Parenting Pregnancy Travel or Not to travel when Pregnant?

travel_when_pregnantMany women fear to travel when they are pregnant because they feel something would happen or its not safe to travel. They usually avoid traveling which is correct but there is no point avoiding if you have to travel in urgency. Travel can be considered safe if you are going to have a normal and uncomplicated pregnancy. Travel by car should be avoided as its not safe because of bumpy roads and you can’t keep on driving at snail’s pace. Travel by Train is far safer but must be planned properly. So if you are ready to travel which you can’t avoid then you must take certain precautions beforehand.

Tips on Air Travel

If you need to undertake a long air journey when pregnant, it is best to do so in the second trimester. During this time you are feeling healthier and you are too far away from having a premature delivery. In case you need to travel closer toward your due date, avoid flying in any case six weeks prior to your due date. However, this does not mean that it is perfectly safe to do so. If you ever need to fly after your second trimester, it makes sense to speak to your doctor before taking the flight. Also get a letter from your doctor specifying the date your baby is due, as the airlines may not allow you on board. They don’t want you delivering your baby on the plane!

Make it a point to get up and walk around during the flight, to ensure proper circulation. You don’t want blood to pool in your legs leading to blood clots.

Take all other precautions you should be taking when flying like drinking a lot of water, stretching during the flight and so on.

Tips on Road Travel

It is usually safe to travel by train at any time of your pregnancy, but try to avoid travel by car or train until you have completed the first trimester. Get up and stretch every two hours when traveling by train. If you are traveling by car, once again try to travel only in the second trimester. Car journeys are not always smooth, especially if you are traveling over bumpy roads. Always slow down to a snail’s pace when traveling on a bumpy road, and every time you sit in a car, always, always wear your seat belt! Place the seat belt below your abdomen; it should not sit across your tummy.

Other Precautions

  • - Find out whether the place you are traveling to has adequate medical facilities in case of emergencies, and it should be equipped to deal with cesarean sections.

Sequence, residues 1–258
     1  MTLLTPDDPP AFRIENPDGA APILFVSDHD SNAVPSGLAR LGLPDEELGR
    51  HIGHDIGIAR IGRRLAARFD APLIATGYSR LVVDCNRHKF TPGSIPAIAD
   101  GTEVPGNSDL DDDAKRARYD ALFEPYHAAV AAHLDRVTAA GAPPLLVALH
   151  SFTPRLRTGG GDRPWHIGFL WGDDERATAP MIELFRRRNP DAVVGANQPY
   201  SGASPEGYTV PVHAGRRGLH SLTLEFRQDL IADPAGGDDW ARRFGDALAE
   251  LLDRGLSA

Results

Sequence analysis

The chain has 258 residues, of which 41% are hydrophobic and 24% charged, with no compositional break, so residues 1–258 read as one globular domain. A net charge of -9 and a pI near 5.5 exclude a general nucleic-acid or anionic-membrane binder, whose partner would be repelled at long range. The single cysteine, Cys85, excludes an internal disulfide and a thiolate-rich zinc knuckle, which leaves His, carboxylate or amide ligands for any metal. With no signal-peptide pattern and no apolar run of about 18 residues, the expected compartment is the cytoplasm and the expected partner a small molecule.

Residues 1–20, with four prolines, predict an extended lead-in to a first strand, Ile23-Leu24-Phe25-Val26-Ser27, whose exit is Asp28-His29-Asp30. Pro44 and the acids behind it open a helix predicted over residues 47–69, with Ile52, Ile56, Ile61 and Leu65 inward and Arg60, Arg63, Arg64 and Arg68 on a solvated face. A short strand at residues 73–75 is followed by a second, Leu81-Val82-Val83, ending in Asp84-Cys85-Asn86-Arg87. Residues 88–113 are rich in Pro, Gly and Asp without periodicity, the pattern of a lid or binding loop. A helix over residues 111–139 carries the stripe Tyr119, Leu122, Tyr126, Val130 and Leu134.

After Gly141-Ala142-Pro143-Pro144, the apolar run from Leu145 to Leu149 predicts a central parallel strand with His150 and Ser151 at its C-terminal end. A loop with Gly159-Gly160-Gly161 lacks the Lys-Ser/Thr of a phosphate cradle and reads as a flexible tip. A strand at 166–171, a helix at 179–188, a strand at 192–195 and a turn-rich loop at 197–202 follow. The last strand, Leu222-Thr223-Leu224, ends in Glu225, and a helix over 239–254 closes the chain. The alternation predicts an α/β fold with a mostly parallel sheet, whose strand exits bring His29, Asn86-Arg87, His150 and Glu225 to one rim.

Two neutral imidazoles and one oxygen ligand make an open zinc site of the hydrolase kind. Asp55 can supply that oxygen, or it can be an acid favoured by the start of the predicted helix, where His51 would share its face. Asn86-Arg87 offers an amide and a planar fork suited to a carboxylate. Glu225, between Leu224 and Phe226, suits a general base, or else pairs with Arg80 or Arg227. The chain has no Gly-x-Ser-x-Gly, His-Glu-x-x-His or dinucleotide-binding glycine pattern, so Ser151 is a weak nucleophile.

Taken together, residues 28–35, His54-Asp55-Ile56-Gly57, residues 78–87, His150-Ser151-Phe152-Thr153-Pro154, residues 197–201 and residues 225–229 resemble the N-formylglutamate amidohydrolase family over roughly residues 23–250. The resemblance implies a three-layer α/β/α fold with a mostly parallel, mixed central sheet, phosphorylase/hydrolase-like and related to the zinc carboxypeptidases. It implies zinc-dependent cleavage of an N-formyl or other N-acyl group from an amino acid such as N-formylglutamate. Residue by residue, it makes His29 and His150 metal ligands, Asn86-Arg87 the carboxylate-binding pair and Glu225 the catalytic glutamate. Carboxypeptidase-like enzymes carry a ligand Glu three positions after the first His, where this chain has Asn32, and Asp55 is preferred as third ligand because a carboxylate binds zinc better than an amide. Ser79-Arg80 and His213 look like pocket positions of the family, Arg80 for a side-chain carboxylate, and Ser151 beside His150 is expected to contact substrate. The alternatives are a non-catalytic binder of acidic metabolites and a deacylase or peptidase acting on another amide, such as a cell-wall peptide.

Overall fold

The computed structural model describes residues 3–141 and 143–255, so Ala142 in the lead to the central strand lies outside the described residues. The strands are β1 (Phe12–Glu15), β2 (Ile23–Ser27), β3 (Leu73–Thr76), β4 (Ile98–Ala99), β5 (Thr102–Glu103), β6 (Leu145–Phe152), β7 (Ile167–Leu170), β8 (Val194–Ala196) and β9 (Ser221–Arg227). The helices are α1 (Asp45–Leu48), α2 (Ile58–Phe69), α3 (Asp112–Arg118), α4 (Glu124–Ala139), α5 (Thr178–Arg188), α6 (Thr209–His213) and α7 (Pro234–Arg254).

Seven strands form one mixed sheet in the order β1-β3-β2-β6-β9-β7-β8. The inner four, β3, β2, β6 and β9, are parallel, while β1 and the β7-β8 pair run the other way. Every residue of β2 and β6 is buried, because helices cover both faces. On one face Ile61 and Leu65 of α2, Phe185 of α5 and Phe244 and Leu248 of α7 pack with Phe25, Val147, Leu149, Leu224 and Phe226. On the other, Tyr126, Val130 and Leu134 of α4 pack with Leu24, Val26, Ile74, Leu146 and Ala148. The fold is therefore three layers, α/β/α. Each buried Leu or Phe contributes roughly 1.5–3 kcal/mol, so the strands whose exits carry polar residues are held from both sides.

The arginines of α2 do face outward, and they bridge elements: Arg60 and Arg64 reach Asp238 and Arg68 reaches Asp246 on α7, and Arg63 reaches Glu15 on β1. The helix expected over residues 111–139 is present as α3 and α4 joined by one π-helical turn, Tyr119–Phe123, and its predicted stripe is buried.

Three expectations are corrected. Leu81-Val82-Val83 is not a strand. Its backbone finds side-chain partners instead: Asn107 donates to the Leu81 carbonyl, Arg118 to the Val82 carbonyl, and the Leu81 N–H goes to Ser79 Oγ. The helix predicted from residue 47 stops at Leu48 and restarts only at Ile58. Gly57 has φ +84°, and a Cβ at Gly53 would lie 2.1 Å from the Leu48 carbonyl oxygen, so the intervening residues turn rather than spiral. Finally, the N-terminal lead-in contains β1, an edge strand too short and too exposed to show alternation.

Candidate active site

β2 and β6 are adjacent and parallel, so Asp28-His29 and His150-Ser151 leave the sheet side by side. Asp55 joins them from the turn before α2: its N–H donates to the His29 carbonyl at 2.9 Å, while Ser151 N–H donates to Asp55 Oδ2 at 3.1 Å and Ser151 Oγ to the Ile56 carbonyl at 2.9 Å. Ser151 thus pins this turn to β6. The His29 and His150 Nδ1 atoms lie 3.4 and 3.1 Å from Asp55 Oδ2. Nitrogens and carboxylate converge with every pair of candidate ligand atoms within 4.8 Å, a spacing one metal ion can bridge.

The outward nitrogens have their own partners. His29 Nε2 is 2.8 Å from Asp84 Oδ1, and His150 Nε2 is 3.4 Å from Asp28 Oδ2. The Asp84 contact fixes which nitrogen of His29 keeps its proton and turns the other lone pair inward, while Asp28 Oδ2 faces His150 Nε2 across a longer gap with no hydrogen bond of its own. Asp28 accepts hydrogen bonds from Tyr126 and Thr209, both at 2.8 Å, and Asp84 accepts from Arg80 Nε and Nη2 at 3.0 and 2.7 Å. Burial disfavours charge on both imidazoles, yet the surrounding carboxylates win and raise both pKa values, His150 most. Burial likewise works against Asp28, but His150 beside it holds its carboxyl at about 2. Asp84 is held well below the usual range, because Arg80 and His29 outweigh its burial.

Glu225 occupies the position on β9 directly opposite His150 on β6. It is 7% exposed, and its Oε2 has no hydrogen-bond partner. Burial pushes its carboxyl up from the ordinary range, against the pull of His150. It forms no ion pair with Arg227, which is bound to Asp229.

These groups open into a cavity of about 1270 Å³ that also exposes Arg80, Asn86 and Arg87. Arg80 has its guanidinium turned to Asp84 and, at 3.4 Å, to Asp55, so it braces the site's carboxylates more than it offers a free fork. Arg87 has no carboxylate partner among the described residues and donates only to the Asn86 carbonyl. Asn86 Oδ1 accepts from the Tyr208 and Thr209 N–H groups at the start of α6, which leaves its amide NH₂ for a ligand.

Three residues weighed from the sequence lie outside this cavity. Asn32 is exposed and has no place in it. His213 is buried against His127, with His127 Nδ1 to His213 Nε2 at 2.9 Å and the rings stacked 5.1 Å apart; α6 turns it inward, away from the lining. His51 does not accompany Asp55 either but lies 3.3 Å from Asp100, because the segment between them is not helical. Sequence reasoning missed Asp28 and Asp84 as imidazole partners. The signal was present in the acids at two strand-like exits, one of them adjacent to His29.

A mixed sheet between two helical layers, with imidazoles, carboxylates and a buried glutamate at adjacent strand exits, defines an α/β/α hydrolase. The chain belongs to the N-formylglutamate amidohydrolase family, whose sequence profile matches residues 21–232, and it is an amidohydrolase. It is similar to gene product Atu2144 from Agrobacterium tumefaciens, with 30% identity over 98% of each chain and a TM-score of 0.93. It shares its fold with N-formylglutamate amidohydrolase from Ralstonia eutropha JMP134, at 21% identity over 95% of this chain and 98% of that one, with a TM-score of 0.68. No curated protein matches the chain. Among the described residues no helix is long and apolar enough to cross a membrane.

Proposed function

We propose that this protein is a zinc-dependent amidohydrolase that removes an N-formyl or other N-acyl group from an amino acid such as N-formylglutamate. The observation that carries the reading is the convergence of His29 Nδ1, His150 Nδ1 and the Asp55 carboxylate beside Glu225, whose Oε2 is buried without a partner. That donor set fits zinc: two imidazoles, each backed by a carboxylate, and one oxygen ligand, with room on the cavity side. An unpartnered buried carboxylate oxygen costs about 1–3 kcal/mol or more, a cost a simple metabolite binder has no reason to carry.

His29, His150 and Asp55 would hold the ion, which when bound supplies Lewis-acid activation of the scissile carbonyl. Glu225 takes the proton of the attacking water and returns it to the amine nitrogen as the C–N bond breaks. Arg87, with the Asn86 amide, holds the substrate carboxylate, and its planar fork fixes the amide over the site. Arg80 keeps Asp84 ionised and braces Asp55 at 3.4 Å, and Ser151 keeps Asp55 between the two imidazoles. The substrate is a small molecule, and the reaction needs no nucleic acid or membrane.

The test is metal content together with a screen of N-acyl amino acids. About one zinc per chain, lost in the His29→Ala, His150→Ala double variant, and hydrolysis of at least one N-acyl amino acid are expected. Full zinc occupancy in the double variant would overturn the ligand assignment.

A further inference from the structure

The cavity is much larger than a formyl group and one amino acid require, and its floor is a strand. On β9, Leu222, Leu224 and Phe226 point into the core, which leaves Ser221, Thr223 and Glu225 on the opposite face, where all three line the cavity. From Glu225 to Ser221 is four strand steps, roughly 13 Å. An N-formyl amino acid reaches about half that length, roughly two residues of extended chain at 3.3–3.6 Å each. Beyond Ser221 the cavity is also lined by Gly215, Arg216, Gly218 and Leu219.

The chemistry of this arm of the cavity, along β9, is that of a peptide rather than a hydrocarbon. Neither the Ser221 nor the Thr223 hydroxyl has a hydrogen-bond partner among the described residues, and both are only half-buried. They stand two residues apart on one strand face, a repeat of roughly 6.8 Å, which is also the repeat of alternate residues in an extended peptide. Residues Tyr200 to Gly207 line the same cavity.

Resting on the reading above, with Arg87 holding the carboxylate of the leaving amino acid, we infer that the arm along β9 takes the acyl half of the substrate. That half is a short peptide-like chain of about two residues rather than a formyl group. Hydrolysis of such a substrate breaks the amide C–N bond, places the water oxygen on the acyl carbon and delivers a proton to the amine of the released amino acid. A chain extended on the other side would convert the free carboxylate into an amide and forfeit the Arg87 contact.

• - Don’t travel to a place which is located at a very high altitude towards the end of your pregnancy. If you do so, take it easy the first few days and give your body a chance to acclimatize itself.
  • - Eat only well cooked meals and avoid raw foods and salads. You don’t want to fall ill at this stage.
  • - Make sure your vaccinations are up to date before traveling.
  • - It is important to get your health insurance done, especially if you are traveling to a place where medical care is expensive. The plan should include medical costs for the newborn as well.
  • - If you are holidaying during your pregnancy, avoid adventure sports. Scuba diving should be avoided at all costs. Spend your holiday lying back, enjoying the change of scene and pampering yourself.

I would love you to leave me a comment and let me hear your opinion. If you’ve got any thoughts, comments or suggestions for things we could add, leave a comment.

  • Steph

    The advise given about traveling by car is ridiculous. It is very safe to travel by car when pregnant, just take frequent breaks to stretch your legs and WEAR YOUR SEAT BELT. I’m not sure if you travel by horseless carriage or what, but my car handles bumps in the roads just fine, smooth as silk. Silly! I experienced more bumping and jostling when I flew at 23 weeks due to air turbulence than I ever do driving my car.

  • Steph

    The advise given about traveling by car is ridiculous. It is very safe to travel by car when pregnant, just take frequent breaks to stretch your legs and WEAR YOUR SEAT BELT. I’m not sure if you travel by horseless carriage or what, but my car handles bumps in the roads just fine, smooth as silk. Silly! I experienced more bumping and jostling when I flew at 23 weeks due to air turbulence than I ever do driving my car.

  • courtney

    this article says you should avoid eating salads. i had read somewhere before now that salads containing spinach and leaves such as spinach are ok?

  • Bianca

    Pregnant woman should eat as much raw fruit and veg as possible – to tell them not to is a sin! They will get much more nutrition and many studies have shown that women who consume a raw or mostly raw diet in the months before pregnancy have a much easier time during labour! So old school to cook your food until it is dead and there is no nutrition left!

  • Felicia Roberts

    It entirely depends upon you what you want to eat. When you are close to your labor days, you shouldn’t fall ill right?

    Various studies have shown that raw food sometimes especially during last leg of pregnancy increase your chances of falling ill. A well cooked meal would be a better choice.

    BTW: Raw diet will help in labor, i don’t think so.

  • Annie

    My experience with traveling by car during pregnancy was horrible. I had to go to the countryside with my in laws and the roads where pathetic. Although, we tried to avoid as many holes and jerks as we can still the entire experience was pathetic.

    I will never advise anyone to travel long distances by car specially in last few months of pregnancy.

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